“The screenplay, given to him by his wife, Jules Asner, was written by their friend Rebecca Blunt.”
An Auspicious Screenwriting Debut
The Logan Lucky script represents a remarkable effort by first-time screenwriter Rebecca Blunt. Like the characters in her script, Blunt grew up in West Virginia. She briefly attended UCLA before moving to New York to hone her writing skills.
Blunt says Logan Lucky’s working-class anti-hero was inspired by the remarkable background of her friend Channing Tatum. “I wrote Jimmy Logan with Channing in mind because I see Jimmy as an alternative version of Chan’s own story,” she says. “Chan’s from a small southern town, I believe he won a football scholarship to play in Florida but ended up blowing out his knee before the season started, so he became a stripper. I thought of Logan Lucky as, ‘What if Chan hadn’t become a male stripper and had gone back home?’ I ran into Chan and his partner Reid at a bowling alley and mentioned the the idea to them — at the time I called it Hillbilly Heist — and Chan said, ‘That sounds great!’ I don’t know if he even remembers saying that and I never imagined all of this would really happen.”
Blunt fleshed out the film’s central plot based on a combination of news reports and her own imagination. “I heard about sinkholes at the Charlotte Motor Speedway, which is built on landfill. They brought in out-of-work coal miners to make repairs. With my West Virginia roots, I have a lot of sympathy for coal miners. I also had a fascination with pneumatic tubes from when I was a little kid and my mom would go to the drive-thru at the bank. She’d always let me put the money in the tube and it would magically take the money away to the teller.” Blunt gave the finished script to Soderbergh, “I wanted to see if Steven had any suggestions about directors I should go to with the script, since he’s made so many great heist movies,” Blunt says. “I was thinking he’d sworn off feature films so I was very surprised when he came back and said he wanted to direct it himself.”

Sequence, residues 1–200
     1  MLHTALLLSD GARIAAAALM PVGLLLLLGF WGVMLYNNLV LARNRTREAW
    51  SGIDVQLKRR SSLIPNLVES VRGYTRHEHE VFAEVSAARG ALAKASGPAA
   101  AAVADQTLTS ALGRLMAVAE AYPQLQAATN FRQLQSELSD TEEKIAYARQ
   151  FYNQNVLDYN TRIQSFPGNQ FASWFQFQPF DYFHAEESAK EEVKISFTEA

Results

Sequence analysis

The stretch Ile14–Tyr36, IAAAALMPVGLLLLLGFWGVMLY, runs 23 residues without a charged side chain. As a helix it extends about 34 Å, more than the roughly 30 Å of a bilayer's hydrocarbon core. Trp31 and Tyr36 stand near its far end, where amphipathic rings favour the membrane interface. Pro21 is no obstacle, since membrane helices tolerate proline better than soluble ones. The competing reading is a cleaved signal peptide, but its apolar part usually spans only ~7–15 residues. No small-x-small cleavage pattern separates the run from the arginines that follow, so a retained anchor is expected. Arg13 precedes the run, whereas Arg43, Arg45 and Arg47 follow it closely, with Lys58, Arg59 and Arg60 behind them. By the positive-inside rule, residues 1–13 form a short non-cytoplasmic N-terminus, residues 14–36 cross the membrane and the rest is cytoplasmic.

Of course, all of that (right down to “Blunt” attending UCLA) would describe Asner without any modifications whatsoever, but this whole enterprise seems to speak rather sweetly of Asner not wanting to overshadow the movie at large and Soderbergh happily following her wishes. I will, of course, be assessing Blunt/Asner’s scriptwriting abilities the day Logan Lucky premieres, but I’m sure she did a great job. Let’s hope she doesn’t just work with Soderbergh, however. I’m continually frustrated by how limited that Roderick Jaynes fella’s collaborations are.